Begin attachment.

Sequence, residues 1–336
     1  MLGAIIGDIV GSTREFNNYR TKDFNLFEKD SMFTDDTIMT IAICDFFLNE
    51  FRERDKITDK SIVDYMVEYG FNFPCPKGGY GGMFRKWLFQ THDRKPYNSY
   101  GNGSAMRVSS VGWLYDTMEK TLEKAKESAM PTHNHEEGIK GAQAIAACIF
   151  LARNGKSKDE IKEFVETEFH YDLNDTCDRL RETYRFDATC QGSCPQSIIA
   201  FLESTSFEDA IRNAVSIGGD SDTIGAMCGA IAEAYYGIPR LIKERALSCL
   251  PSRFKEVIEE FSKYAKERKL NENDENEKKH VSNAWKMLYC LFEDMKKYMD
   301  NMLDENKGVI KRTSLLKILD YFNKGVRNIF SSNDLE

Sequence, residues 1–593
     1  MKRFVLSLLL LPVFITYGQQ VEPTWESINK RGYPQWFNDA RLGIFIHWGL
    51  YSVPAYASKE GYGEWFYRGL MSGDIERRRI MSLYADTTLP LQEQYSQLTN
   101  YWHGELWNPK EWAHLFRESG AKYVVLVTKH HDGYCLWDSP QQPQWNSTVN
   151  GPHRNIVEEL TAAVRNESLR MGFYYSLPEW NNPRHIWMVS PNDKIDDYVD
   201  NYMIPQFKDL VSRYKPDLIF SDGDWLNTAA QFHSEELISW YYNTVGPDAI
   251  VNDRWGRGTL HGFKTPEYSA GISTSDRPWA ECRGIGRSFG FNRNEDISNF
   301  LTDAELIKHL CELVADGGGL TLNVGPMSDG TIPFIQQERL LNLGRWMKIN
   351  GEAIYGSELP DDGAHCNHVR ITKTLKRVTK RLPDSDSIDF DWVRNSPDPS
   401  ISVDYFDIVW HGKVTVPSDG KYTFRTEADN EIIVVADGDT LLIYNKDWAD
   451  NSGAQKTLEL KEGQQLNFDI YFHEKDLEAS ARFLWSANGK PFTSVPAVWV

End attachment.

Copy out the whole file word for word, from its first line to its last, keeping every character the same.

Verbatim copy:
Sequence, residues 1–336
     1  MLGAIIGDIV GSTREFNNYR TKDFNLFEKD SMFTDDTIMT IAICDFFLNE
    51  FRERDKITDK SIVDYMVEYG FNFPCPKGGY GGMFRKWLFQ THDRKPYNSY
   101  GNGSAMRVSS VGWLYDTMEK TLEKAKESAM PTHNHEEGIK GAQAIAACIF
   151  LARNGKSKDE IKEFVETEFH YDLNDTCDRL RETYRFDATC QGSCPQSIIA
   201  FLESTSFEDA IRNAVSIGGD SDTIGAMCGA IAEAYYGIPR LIKERALSCL
   251  PSRFKEVIEE FSKYAKERKL NENDENEKKH VSNAWKMLYC LFEDMKKYMD
   301  NMLDENKGVI KRTSLLKILD YFNKGVRNIF SSNDLE

Sequence, residues 1–593
     1  MKRFVLSLLL LPVFITYGQQ VEPTWESINK RGYPQWFNDA RLGIFIHWGL
    51  YSVPAYASKE GYGEWFYRGL MSGDIERRRI MSLYADTTLP LQEQYSQLTN
   101  YWHGELWNPK EWAHLFRESG AKYVVLVTKH HDGYCLWDSP QQPQWNSTVN
   151  GPHRNIVEEL TAAVRNESLR MGFYYSLPEW NNPRHIWMVS PNDKIDDYVD
   201  NYMIPQFKDL VSRYKPDLIF SDGDWLNTAA QFHSEELISW YYNTVGPDAI
   251  VNDRWGRGTL HGFKTPEYSA GISTSDRPWA ECRGIGRSFG FNRNEDISNF
   301  LTDAELIKHL CELVADGGGL TLNVGPMSDG TIPFIQQERL LNLGRWMKIN
   351  GEAIYGSELP DDGAHCNHVR ITKTLKRVTK RLPDSDSIDF DWVRNSPDPS
   401  ISVDYFDIVW HGKVTVPSDG KYTFRTEADN EIIVVADGDT LLIYNKDWAD
   451  NSGAQKTLEL KEGQQLNFDI YFHEKDLEAS ARFLWSANGK PFTSVPAVWV